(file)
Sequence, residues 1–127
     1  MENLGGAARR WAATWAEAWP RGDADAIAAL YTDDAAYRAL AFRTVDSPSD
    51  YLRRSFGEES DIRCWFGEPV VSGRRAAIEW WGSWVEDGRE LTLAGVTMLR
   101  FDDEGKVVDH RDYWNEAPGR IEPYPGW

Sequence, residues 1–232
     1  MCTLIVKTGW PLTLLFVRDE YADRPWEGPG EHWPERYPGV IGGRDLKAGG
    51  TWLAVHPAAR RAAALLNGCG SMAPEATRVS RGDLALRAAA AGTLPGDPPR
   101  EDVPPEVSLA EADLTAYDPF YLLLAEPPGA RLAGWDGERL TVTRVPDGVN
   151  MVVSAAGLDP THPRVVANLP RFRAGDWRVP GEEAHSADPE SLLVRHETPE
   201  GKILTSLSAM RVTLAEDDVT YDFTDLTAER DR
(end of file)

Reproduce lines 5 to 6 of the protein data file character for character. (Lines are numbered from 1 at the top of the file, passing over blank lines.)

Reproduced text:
Sequence, residues 1–232
     1  MCTLIVKTGW PLTLLFVRDE YADRPWEGPG EHWPERYPGV IGGRDLKAGG